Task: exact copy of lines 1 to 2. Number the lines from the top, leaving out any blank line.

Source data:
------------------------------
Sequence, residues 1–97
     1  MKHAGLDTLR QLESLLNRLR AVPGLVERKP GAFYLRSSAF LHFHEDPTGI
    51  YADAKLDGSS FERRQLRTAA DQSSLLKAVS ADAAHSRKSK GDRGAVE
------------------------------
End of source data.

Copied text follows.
Sequence, residues 1–97
     1  MKHAGLDTLR QLESLLNRLR AVPGLVERKP GAFYLRSSAF LHFHEDPTGI